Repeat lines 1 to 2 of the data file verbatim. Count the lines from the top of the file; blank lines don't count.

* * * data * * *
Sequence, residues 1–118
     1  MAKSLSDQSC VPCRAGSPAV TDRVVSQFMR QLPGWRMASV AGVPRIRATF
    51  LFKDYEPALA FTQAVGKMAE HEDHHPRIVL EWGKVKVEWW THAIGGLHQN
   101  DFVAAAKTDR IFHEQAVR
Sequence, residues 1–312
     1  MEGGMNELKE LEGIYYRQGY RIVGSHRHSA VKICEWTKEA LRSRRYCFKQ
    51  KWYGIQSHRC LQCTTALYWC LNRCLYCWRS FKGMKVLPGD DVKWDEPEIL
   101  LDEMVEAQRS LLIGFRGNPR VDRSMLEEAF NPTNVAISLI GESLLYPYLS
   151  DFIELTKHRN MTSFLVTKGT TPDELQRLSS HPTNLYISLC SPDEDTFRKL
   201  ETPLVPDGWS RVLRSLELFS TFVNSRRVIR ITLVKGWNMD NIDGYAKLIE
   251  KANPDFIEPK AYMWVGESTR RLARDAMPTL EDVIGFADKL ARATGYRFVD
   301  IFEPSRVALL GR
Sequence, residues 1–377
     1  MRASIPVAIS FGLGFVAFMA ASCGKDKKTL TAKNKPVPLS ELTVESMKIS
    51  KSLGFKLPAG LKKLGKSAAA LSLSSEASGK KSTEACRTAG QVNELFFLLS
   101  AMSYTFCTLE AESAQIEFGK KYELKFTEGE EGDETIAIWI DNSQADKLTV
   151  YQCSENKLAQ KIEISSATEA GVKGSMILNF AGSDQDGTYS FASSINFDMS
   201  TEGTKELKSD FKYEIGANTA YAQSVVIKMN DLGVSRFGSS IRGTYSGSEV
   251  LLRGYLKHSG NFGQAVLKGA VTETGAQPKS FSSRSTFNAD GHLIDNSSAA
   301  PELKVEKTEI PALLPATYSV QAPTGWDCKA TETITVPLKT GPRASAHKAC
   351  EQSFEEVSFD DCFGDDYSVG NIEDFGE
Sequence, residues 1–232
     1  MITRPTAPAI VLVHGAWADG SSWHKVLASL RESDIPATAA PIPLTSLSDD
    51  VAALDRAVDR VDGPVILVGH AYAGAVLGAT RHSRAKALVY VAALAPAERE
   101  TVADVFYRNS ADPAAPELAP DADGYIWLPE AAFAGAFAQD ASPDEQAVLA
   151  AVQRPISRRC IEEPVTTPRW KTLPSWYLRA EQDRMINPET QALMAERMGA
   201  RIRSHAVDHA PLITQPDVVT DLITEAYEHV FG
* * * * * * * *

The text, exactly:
Sequence, residues 1–118
     1  MAKSLSDQSC VPCRAGSPAV TDRVVSQFMR QLPGWRMASV AGVPRIRATF